In the wake of the housing market collapse, the prospect of owning property became more affordable. However, consumers still need to ensure their finances are in top shape before they try to make the transition to homeownership.
Although a cash advance loan can help cover a mortgage payments following a financial misstep, this loan option should not be part of your long-term repayment plan.
Mortgage rates are currently hovering near all-time lows. In fact, average fixed mortgage rates have been below 4 percent for all but one week so far this year. Paired with property values which depreciated more than 30 percent in some areas following the real estate bubble burst, nationwide housing affordability increased during the third quarter, according to a report from the National Association of Home Builders.
“The latest housing affordability data is good news on two fronts, because it shows that the share of homes affordable to median-income earners has risen even as home prices have continued to gradually recover from their recession lows,” said NAHB chairman Barry Rutenberg. “This is primarily due to the fact that mortgage rates are now lower than we’ve seen them since the HOI was initiated more than a decade ago.”
During the third quarter, roughly 74.1 percent of properties sold were affordable by households making the national median income of $65,000, the report said. This was an improvement from 73.8 percent in the second quarter.
Meanwhile some areas were more affordable than others. Last quarter, the most affordable housing market was the Ogden-Clearfield area in Utah, where 93.2 percent of homes were affordable the median household income in the area of $71,500.
In contrast, the most expensive housing market was in the New York City and its surrounding area. In the Big Apple, just 28.5 percent of properties sold during the third quarter were affordable to the median income in the area.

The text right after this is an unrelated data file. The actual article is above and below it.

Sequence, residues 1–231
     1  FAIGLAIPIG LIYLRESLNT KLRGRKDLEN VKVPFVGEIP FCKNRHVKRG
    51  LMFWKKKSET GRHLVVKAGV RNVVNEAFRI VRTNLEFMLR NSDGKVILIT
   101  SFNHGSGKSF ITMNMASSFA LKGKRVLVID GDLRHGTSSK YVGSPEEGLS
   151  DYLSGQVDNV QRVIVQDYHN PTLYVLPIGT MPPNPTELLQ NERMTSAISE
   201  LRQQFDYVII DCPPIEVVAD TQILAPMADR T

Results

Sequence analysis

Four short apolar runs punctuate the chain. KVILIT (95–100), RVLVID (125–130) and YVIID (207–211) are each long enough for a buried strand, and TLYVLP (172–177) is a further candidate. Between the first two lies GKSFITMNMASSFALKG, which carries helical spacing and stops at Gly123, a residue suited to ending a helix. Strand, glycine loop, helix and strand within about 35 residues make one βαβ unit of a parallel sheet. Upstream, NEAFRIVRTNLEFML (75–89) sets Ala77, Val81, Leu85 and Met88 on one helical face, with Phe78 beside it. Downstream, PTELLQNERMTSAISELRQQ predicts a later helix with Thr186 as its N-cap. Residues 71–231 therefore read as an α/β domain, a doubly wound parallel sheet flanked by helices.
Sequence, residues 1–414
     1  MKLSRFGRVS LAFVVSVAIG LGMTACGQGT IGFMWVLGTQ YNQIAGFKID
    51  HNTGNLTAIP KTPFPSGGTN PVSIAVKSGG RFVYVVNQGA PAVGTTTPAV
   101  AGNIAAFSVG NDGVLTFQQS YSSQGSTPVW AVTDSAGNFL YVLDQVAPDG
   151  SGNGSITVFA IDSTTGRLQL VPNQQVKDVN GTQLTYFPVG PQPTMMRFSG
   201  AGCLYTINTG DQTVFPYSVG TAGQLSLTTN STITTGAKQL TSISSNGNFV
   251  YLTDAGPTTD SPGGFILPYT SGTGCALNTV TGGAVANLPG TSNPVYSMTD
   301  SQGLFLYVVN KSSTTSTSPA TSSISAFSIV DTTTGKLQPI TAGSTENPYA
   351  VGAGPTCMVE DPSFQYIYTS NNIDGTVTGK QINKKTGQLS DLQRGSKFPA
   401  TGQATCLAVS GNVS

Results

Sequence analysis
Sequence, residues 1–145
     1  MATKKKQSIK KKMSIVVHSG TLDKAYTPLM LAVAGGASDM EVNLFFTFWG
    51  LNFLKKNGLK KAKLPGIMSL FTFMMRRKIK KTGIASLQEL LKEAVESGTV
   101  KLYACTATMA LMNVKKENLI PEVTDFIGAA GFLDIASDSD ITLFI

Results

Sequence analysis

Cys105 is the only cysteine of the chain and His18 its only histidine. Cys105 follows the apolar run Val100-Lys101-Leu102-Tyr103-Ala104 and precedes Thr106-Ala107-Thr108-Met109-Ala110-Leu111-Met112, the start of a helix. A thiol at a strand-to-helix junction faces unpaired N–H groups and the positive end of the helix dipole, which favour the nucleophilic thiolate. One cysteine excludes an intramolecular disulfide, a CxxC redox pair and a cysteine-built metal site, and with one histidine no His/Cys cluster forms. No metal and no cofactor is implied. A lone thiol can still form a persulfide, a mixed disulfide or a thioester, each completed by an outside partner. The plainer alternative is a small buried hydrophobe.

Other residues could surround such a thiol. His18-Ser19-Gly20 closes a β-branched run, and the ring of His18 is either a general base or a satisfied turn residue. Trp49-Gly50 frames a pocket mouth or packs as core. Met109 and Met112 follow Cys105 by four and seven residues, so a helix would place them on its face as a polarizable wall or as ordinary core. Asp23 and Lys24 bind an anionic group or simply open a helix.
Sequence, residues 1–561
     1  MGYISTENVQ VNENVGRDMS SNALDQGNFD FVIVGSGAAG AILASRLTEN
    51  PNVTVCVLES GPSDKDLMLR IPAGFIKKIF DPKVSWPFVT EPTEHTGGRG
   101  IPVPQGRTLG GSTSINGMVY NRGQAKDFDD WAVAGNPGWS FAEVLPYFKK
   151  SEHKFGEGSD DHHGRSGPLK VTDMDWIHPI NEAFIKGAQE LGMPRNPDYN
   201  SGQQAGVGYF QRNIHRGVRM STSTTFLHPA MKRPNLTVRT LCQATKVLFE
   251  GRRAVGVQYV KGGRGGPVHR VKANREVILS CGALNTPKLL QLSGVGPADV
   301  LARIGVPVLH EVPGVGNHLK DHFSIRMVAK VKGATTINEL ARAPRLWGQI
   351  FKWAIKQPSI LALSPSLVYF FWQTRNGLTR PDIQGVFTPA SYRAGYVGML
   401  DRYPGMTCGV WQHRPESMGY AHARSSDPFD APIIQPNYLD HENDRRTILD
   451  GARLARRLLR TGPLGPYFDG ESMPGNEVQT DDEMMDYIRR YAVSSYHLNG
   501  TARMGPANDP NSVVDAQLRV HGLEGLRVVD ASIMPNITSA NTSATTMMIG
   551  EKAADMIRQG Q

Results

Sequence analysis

Preparing Your Finances For Homeownership
No matter how affordable homes are in your area, buying property is a major financial undertaking. Because of this, you need to make sure your finances are in the best possible shape before you even think about starting your home search.
One of the most difficult parts of buying a home that holds a number of prospective borrowers back from making the transition is saving money for a down payments. Conventional down payments are roughly 20 percent of a property’s value. This upfront payment basically acts of collateral and shows a lenders how serious you are about owning a home. Meanwhile, if you make a considerable down payment, you may be able to qualify for more favorable terms on your mortgage.
Get Your Credit In Check
Another major factor lenders use to determine your eligibility is your credit score. This number gives them an idea of how well your handle credit. Simply put, a higher credit score demonstrate you are more responsible when it comes to paying off your credit, while a lower score could indicate that you made a few missteps in the past.
To get an idea where you stand, order a copy of your credit report from one of the major credit reporting bureaus: TransUnion, Experian or Equifax. Under federal law you are entitled to one free copy form these of the companies every year, so don’t worry about the expense.
Check this document closely for any errant marking that could have a negative effect on your credit standing. Roughly 70 percent of credit reports contain incorrect information, so make sure you check it closely.
If you spot any issues, bring this up with your lender and credit reporting bureau immediately. This could ensure your credit standing gets back to where it needs to be and get you one step closer to homeownership.